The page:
“My fellow prisoners”

All right, candidates misspeak. But “my fellow prisoners“? That’s not like saying you’ve visited 57 states when you mean you’ve been in 57 delegate contests, or conflating “green” and “wet behind the ears” as metaphors for inexperience into the Martian-sounding “green behind the ears.” That’s just weird. And note that McCain doesn’t correct himself.

John Scalzi is right: there are times when McCain seems to be running for President of WhatTheF*ck?-istan.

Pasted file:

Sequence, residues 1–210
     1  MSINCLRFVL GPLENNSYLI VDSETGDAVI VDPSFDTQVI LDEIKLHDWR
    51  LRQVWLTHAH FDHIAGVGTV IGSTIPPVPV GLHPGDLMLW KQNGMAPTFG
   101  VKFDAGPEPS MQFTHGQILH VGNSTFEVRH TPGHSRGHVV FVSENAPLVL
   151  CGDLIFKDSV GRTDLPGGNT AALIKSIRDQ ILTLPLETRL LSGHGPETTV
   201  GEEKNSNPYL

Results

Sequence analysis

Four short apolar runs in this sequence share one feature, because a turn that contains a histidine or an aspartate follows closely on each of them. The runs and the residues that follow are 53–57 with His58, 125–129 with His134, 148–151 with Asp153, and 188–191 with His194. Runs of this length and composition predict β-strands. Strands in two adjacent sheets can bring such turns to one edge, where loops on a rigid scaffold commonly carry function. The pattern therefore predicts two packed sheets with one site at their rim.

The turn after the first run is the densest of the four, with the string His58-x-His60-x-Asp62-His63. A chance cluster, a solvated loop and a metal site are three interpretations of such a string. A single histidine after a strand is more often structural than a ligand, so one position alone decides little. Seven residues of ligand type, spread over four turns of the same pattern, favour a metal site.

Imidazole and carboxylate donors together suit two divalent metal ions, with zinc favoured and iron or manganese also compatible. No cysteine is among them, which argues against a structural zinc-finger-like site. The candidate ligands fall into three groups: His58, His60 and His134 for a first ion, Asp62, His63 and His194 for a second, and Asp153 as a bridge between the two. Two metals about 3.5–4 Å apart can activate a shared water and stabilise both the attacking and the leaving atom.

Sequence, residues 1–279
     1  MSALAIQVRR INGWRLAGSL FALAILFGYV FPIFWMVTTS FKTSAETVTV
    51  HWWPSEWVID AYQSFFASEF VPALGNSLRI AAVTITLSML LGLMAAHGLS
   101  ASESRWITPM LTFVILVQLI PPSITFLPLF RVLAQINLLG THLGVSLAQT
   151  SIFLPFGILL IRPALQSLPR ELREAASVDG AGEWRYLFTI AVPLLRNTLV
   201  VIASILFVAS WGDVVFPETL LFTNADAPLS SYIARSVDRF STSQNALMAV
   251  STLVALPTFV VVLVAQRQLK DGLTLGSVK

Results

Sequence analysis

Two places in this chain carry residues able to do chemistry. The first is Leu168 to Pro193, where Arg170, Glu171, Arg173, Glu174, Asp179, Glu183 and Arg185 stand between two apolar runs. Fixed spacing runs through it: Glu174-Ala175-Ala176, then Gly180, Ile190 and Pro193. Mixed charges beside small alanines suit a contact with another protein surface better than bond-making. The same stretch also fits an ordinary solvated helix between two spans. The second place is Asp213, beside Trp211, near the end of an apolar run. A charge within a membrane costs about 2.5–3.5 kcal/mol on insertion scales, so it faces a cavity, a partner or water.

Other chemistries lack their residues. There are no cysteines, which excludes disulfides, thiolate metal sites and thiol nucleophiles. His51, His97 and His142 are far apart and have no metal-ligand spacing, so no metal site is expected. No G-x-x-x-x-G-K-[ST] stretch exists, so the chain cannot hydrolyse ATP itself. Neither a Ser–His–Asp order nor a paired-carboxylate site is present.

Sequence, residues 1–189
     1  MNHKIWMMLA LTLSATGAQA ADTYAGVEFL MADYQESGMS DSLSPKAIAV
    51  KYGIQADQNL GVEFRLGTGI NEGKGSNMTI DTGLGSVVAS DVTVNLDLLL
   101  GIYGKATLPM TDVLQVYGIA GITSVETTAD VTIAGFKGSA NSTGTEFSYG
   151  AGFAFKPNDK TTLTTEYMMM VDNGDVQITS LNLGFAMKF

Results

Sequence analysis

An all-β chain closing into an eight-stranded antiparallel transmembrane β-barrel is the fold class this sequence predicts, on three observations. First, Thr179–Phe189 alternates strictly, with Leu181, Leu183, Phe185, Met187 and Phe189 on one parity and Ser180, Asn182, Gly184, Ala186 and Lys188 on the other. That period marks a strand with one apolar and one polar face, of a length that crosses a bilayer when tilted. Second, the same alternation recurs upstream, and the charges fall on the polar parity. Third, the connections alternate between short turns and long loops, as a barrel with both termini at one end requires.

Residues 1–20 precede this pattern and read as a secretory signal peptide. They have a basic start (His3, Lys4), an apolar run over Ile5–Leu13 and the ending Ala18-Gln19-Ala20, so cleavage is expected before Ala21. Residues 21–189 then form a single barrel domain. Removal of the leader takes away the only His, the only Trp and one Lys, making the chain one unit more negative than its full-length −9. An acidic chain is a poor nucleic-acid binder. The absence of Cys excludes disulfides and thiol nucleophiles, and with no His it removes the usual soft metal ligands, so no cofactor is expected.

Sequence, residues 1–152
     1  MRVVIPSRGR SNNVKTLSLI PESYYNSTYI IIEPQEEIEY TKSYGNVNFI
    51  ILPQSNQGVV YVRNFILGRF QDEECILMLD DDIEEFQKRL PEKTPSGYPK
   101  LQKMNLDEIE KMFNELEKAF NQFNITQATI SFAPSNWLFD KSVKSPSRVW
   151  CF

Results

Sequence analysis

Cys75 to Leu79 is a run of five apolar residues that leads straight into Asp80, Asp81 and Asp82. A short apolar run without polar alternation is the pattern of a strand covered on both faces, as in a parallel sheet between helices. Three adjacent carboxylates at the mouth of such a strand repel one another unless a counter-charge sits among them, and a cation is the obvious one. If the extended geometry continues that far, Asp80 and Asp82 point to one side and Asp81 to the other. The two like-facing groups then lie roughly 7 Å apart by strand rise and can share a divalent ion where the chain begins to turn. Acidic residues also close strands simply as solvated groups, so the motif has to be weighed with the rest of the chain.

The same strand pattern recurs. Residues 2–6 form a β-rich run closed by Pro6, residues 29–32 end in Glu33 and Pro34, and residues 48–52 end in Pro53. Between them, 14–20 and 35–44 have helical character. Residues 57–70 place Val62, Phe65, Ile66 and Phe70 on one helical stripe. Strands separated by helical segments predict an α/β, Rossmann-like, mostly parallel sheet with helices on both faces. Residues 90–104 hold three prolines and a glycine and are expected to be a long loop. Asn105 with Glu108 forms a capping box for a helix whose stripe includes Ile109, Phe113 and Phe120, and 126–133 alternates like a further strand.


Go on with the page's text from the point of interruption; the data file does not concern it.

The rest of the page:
Author: Mark Kleiman

Professor of Public Policy at the NYU Marron Institute for Urban Management and editor of the Journal of Drug Policy Analysis. Teaches about the methods of policy analysis about drug abuse control and crime control policy, working out the implications of two principles: that swift and certain sanctions don't have to be severe to be effective, and that well-designed threats usually don't have to be carried out. Books: Drugs and Drug Policy: What Everyone Needs to Know (with Jonathan Caulkins and Angela Hawken) When Brute Force Fails: How to Have Less Crime and Less Punishment (Princeton, 2009; named one of the "books of the year" by The Economist Against Excess: Drug Policy for Results (Basic, 1993) Marijuana: Costs of Abuse, Costs of Control (Greenwood, 1989) UCLA Homepage Curriculum Vitae Contact: Markarkleiman-at-gmail.com